Testosterone cannot be used to argue whether someone is more male or female. It is known to exist in high quantities in males, and significant research has been done to associate high levels with male characteristics that associate with gender roles. This finding has been used to explain and even defend stereotypically male behaviour.
There is little, if any, research, however, in the dynamics of testosterone levels and female aggression. We therefore do not know enough about testosterone to conclude that it causes and drives male aggression. Aggression is simply classified as male behaviour and testosterone a male hormone. Testosterone therefore cannot be used to categorise individuals as male or female.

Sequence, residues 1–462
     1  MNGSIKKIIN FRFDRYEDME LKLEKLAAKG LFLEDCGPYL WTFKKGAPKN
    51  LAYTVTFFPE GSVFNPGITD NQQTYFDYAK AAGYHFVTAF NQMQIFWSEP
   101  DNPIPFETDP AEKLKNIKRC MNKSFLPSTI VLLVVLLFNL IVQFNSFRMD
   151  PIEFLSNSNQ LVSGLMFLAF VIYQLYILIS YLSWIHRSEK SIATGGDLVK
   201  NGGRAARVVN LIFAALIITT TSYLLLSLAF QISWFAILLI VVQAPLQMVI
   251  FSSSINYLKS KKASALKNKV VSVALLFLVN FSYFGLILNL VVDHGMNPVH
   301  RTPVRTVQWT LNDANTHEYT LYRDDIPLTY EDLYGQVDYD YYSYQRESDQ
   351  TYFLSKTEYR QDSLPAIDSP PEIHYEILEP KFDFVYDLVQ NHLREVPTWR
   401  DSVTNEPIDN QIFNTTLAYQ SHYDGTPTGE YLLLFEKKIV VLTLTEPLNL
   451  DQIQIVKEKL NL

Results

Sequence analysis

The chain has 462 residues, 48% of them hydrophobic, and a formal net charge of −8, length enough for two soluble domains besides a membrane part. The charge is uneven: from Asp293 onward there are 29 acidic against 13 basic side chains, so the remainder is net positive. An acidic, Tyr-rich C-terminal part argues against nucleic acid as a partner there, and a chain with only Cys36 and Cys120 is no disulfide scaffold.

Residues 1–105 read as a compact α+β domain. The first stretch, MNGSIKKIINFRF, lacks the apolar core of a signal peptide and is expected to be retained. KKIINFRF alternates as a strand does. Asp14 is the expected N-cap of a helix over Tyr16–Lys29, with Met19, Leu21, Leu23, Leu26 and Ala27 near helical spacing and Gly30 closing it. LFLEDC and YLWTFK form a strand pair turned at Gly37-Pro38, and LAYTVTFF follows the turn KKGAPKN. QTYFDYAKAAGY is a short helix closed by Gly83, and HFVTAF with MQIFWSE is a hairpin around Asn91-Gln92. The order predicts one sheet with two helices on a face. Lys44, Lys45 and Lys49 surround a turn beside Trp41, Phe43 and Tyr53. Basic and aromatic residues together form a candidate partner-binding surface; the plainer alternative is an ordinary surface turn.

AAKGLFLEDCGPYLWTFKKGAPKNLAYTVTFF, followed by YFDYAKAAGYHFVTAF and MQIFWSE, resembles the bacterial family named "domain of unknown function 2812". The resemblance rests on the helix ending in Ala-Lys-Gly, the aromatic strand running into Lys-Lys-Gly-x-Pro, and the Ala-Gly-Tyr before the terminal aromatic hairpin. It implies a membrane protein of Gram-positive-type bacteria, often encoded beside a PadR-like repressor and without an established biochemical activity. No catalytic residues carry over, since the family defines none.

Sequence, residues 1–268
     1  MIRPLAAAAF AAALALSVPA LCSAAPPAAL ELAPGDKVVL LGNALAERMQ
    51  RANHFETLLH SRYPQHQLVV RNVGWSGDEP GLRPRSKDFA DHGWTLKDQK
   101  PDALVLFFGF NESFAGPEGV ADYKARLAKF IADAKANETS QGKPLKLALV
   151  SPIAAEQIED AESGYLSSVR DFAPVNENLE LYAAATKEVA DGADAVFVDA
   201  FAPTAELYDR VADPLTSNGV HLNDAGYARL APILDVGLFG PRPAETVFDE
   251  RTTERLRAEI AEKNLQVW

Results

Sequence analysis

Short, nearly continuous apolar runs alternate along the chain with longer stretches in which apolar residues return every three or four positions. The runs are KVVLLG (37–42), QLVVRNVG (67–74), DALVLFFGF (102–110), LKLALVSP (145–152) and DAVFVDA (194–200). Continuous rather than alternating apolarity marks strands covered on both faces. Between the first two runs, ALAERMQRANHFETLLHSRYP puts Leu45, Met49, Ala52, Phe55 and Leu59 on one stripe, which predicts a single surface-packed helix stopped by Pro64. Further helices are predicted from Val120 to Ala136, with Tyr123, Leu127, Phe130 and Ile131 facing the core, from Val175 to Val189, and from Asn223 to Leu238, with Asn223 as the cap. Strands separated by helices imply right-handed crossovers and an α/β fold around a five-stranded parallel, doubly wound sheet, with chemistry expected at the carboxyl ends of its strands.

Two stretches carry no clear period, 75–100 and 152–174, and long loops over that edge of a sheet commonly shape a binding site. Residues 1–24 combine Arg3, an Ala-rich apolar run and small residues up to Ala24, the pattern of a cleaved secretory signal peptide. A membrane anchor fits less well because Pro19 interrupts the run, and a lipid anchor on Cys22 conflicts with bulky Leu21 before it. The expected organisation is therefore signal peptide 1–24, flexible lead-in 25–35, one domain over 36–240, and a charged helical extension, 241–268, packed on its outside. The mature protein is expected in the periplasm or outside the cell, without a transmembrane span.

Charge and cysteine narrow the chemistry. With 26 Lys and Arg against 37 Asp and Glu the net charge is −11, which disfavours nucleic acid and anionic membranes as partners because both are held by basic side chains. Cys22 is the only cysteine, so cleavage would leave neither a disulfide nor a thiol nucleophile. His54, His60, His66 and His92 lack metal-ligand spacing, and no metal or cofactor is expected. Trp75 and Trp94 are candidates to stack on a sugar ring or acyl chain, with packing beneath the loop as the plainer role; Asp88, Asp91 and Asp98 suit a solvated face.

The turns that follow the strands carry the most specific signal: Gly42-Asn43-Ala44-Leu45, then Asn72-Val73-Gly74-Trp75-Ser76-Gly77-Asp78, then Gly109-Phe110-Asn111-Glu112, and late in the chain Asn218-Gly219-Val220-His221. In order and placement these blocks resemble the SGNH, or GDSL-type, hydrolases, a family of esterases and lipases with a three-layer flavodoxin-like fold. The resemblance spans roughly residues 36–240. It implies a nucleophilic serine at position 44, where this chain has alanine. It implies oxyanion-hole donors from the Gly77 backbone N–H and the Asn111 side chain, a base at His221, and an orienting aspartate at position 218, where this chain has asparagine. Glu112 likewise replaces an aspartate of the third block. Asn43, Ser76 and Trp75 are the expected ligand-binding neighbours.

Women who are athletic are associated with having higher levels of testosterone and therefore being more genetically male.
Testosterone levels can influence muscles, but this varies from person to person. Some people make better athletes with lower levels.